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  • Writer's pictureTamara McKenzie

Breaking the Cycle of Negative Nancies: How to Tackle Employee Complaints About Customers

The human brain has a tendency to dwell on negative experiences, and this is a common phenomenon in the workplace as well. On average, employees complain or listen to others complaining four times a day. The reason for this is that negative events have a greater impact on our emotions and well-being compared to positive experiences.

This negative bias also leads to people speaking out more about negative experiences. Venting can provide temporary relief from unpleasant emotions, and talking to someone who understands and supports our complaints can provide a sense of comfort and belonging.

It is important to understand the power of negativity bias in the workplace, and to create a culture that allows for feedback while also addressing this natural tendency to give more weight to negative experiences.

The Fine Line Between Venting and Complaining

The act of complaining is a natural response to a negative experience, but experts are divided on whether it can ever be a positive choice. Some believe that complaining serves as an emotional release, while others argue that venting only amplifies the issue at hand.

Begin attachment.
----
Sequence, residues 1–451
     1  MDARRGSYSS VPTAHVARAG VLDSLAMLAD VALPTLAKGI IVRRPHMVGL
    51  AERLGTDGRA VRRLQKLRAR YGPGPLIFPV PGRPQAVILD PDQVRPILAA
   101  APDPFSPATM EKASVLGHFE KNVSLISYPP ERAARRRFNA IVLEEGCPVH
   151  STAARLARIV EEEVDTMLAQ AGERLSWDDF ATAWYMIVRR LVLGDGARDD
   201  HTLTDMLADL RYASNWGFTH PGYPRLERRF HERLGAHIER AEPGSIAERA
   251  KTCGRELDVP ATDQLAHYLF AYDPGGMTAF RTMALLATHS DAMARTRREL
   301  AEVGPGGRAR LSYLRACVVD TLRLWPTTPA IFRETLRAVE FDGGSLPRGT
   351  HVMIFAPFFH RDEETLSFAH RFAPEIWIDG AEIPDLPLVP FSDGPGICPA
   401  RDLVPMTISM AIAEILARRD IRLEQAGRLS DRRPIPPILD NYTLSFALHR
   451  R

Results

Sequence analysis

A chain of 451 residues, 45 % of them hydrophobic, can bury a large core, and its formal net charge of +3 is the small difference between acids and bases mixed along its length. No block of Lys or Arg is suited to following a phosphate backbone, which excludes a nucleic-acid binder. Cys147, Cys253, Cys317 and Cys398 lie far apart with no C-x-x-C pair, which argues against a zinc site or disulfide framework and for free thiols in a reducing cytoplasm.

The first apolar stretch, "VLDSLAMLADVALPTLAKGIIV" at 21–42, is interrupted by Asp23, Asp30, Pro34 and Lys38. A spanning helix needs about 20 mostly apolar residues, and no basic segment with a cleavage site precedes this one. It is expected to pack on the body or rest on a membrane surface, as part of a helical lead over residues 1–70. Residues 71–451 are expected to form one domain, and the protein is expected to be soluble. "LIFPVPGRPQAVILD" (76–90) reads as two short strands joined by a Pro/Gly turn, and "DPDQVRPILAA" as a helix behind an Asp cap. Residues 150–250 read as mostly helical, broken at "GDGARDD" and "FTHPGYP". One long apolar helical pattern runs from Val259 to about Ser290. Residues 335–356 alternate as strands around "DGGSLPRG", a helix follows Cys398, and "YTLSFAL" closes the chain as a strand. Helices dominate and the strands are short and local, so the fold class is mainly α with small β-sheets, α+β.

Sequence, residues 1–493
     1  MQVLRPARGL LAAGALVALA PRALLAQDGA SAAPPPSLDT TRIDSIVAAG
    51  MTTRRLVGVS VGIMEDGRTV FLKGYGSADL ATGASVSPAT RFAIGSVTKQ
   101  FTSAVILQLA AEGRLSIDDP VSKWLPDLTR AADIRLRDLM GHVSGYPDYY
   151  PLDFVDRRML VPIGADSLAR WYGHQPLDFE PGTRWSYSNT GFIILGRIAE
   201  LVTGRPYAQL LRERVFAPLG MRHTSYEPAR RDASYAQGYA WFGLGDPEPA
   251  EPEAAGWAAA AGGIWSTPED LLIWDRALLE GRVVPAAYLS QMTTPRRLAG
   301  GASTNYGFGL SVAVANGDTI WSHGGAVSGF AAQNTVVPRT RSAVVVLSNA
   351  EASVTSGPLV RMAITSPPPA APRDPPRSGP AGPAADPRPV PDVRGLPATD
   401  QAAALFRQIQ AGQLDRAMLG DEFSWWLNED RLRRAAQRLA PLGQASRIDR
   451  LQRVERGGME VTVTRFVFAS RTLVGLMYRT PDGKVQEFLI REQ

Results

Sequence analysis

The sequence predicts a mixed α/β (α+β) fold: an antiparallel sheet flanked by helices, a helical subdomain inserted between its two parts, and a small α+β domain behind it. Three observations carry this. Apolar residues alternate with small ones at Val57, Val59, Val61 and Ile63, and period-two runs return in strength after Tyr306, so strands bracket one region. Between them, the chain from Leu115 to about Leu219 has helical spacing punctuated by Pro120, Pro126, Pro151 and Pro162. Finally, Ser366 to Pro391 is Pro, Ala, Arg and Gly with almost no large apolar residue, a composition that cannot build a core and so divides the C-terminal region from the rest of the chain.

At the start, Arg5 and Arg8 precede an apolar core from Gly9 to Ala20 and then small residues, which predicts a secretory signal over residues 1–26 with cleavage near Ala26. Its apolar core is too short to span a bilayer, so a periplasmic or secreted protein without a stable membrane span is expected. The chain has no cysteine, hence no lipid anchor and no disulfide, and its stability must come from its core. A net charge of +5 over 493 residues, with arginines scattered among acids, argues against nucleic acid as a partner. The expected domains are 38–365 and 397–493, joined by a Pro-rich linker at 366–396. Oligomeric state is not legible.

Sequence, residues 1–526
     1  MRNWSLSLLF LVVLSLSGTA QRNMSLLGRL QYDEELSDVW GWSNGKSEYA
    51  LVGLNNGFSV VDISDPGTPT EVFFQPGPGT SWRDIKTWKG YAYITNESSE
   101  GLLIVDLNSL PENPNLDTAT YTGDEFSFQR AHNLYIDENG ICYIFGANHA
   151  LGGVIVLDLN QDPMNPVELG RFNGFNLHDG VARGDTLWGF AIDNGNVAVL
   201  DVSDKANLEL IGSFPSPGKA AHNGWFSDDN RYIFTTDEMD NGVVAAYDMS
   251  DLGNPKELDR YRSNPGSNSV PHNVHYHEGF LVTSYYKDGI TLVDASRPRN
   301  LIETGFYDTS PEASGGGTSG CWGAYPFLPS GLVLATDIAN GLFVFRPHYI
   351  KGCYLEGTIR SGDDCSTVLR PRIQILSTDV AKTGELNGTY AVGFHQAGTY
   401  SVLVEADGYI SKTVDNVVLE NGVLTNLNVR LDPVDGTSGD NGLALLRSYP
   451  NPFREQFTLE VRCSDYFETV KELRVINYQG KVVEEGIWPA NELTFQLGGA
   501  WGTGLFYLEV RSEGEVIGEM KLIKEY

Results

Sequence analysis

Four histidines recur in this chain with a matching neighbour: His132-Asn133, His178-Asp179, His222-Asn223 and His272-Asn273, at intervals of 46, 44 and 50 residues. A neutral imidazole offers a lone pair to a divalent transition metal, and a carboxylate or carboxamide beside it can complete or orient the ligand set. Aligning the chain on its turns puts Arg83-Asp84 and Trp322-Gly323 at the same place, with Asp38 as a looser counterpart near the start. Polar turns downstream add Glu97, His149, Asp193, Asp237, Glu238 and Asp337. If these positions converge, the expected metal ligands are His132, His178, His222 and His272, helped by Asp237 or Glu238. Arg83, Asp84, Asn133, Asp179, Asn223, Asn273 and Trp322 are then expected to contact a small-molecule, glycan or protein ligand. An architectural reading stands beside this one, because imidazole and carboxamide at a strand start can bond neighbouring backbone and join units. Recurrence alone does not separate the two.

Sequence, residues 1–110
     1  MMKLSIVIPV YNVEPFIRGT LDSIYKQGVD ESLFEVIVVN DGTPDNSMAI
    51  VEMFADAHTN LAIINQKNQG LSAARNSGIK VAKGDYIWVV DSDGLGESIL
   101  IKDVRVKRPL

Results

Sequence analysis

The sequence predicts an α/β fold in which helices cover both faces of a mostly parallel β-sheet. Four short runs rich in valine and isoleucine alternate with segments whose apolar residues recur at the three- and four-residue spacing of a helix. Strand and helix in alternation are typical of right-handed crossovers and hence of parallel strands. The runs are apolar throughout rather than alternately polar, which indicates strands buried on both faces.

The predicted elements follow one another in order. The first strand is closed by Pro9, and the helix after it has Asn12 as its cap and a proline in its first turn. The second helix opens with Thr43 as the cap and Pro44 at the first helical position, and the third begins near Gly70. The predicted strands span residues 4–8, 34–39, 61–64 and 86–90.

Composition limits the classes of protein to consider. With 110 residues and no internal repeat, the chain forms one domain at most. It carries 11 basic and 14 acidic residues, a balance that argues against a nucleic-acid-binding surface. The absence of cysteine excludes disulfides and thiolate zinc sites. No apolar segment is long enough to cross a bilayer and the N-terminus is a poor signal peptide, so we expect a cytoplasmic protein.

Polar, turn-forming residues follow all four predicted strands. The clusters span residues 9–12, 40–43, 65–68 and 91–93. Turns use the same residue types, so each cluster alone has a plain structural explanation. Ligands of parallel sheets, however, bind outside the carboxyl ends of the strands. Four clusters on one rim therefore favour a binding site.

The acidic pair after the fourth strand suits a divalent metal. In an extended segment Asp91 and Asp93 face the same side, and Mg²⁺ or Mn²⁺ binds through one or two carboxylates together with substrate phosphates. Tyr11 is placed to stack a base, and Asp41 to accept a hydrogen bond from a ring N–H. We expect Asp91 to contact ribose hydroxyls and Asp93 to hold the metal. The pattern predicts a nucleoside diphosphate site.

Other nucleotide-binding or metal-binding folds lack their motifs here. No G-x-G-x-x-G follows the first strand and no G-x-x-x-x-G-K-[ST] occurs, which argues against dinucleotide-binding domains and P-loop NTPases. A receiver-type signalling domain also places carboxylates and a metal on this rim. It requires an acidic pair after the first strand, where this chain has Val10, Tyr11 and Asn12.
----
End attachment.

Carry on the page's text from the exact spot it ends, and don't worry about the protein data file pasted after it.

A third group of experts believe that the intention behind complaining is key. They distinguish between two types of complaining: one for venting purposes and the other for creating change. Those who believe in the power of constructive complaining argue that it serves a purpose.

Individuals with higher self-esteem tend to complain more, as they believe their feedback can make a positive impact. Complaining with the hope of producing a different outcome is linked to greater happiness in the complainer. The intention behind each complaint can be the determining factor in whether or not it leads to positive change, both personally and professionally.

Managing Team Venting: A Guide for Managers

Venting is a natural response for employees who feel unheard or unsupported, but it can lead to apathy or frustration if not managed properly. Managers can create a supportive work environment by prioritizing empathy, building a strong network of support, addressing systemic causes behind complaints, empowering employees to provide feedback, and establishing clear communication standards.